HDD: Seagate 1TB SSHD (ST1000DX001) - Rs 5,800

Seagate’s hybrid drives which have 8GB of flash memory have been quite impressive helping in faster application loading times, faster boot times and so on. It offers the best of both worlds - cost per GB of a mechanical drive and boot/application loading speeds of an SSD. Till last generation the hybrid drives were only available for laptops, but with this generation Seagate has brought this technology to desktop drives as well. We had tested the 2TB variant and were impressed.

If you feel that 1TB just won’t cut it for you, but you still don’t want to invest in an SSD, then the next best alternative is to go for a higher capacity mechanical drive and pair it with a cache SSD. We feel that the WD Green 2TB (Rs 5,840) paired with SanDisk 32GB Cache SSD (Rs 2,100) is a good alternative.


Graphics Card: ASUS R9270X-DC2T-2GD5 - Rs 15,750

ASUS R9270X-DC2T-2GD5 delivers performance that is comparable to an Nvidia GTX 760 and in terms of overall gaming performance, the GTX 760 is about 8 percent faster than the R9270X, but is also more expensive. In full HD benchmarks, we noticed that the GTX 760 edged past the R9270X. But when you consider that the GTX 760 is priced at roughly 46 percent over the R9270X, the performance difference does not seem that significant from a pure value perspective.


PSU: Corsair CX500 - Rs 3,450

Corsair CX500 belongs to the builder series of Corsair PSUs. It is a non-modular 500W power supply with active Power Factor Correction (PFC). There are five SATA power connectors, two 6+2 pin connectors which is enough for your graphics card.


Monitor: BenQ GL2450 - Rs 12,000

Now there are many monitor series out there, some targetted specifically at gamers. Of course more features on the the monitor, higher the price. Having worked with BenQ monitors in our test rig, we can vouch for their good performance. The BenQ GL2450, which is an LED backlit LCD monitor, comes at a decent price point for a 24-inch full HD monitor. Even though it has a TN panel, it is quite good for gaming, watching HD content as well as reading.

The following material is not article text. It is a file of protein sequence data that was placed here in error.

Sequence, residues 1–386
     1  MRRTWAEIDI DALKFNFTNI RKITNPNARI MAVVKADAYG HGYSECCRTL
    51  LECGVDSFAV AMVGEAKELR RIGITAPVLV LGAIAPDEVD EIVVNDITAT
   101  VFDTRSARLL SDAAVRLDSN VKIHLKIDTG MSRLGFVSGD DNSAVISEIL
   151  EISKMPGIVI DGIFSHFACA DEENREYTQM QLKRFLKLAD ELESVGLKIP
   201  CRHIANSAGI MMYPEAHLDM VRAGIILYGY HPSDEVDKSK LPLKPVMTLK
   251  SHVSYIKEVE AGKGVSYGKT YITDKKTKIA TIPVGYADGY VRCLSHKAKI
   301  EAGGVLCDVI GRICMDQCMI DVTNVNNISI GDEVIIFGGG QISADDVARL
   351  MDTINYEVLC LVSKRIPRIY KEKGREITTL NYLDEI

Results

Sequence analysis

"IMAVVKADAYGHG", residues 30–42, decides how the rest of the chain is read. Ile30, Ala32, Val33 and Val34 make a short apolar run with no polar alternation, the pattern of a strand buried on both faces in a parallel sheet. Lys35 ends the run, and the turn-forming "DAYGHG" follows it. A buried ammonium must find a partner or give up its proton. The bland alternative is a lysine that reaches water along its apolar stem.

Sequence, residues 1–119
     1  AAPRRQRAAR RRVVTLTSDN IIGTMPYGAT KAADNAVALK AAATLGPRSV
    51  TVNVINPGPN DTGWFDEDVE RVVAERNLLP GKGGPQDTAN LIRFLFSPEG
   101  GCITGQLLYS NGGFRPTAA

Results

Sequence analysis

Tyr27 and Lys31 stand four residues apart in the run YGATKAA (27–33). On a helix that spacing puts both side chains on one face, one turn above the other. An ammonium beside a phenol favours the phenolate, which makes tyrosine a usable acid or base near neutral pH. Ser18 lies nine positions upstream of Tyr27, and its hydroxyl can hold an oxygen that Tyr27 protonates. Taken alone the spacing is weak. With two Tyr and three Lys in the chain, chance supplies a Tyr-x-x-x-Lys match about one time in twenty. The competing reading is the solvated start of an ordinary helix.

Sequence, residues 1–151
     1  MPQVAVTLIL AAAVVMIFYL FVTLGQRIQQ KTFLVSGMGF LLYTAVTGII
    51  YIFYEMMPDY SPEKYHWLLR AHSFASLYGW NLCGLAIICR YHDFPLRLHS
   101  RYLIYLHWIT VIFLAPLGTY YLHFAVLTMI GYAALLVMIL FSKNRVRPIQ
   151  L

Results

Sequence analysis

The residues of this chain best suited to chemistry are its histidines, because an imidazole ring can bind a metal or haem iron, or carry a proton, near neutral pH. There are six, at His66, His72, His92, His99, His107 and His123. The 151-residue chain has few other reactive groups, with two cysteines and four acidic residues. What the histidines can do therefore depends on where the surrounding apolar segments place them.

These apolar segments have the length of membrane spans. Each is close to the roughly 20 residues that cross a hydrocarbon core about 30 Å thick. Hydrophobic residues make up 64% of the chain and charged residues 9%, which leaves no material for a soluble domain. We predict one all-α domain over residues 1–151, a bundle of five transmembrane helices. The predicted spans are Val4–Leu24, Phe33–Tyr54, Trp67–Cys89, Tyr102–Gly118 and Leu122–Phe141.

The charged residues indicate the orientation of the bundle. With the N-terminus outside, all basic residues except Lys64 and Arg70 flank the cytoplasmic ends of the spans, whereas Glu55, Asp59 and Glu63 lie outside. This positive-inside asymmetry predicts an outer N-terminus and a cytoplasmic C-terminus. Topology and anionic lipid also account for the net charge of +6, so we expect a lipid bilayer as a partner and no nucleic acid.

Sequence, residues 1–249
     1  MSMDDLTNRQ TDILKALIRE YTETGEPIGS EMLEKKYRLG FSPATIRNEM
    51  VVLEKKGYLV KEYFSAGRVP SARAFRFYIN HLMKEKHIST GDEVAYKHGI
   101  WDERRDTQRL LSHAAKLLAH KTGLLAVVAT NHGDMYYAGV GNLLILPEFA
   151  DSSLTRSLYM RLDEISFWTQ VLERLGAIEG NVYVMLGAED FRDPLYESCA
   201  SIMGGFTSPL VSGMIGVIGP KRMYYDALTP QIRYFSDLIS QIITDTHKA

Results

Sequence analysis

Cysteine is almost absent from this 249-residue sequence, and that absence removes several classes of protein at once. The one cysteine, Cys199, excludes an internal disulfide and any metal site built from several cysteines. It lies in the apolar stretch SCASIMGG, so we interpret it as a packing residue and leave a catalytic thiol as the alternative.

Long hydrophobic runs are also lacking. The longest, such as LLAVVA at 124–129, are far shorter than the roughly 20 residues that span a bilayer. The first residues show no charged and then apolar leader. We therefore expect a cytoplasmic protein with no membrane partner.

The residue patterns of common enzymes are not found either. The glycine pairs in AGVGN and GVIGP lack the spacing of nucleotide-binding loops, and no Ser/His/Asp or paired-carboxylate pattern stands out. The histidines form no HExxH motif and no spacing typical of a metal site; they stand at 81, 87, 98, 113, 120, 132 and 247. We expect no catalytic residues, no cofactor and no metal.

If you want a glossy finish screen with an IPS panel, then you can check out Dell’s S2440L which comes around Rs 13,700.



Cabinet: Corsair Carbide 200R - Rs 3,970

This is an affordable case from Corsair and can take in your ATX board, a long graphics card and has a toolless design. It comes in an all-black body with minimal design elements which lays more stress on function. There are two USB 3.0 ports on the top and it houses the front and rear 120mm fans as well. You can also add fans on the top and side panels.


Corsair LM2

Keyboard / Mouse: Logitech K200 (Rs 550) / Corsair Raptor LM2 (Rs 1,050)

Logitech is a reliable name when it comes to keyboards and the MK200 offers a no-frills keyboard. It also has dedicated multimedia buttons above the function keys. Instead of suggesting a regular mouse, we would like you to invest in a gaming mouse. With the Corsair Raptor LM2, you get a well designed mouse with six buttons on which you can map various game-related functions and you can also adjust DPI on-the-fly which is handy when you’re gaming. It also comes at a good price point.



Speakers: F&D A111 - Rs 2,175

F&D A111 is a 2.1 speaker system with a total output of 35W. It has really well designed satellite speakers which will not occupy much space on your desk either. Each satellite has an 11W output. The woofer section has controls for volume and bass adjustment.

Intel rig

For those of you who are not planning on overclocking the processor, it makes sense to go for a non-K processor which will save you a few thousand bucks.


Intel Rig Non OC

Another suggestion is the AMD rig below, which helps you save money on the processor + motherboard which you can invest in getting a faster processor. This is ideal for those who are only concerned with gaming.


AMD rig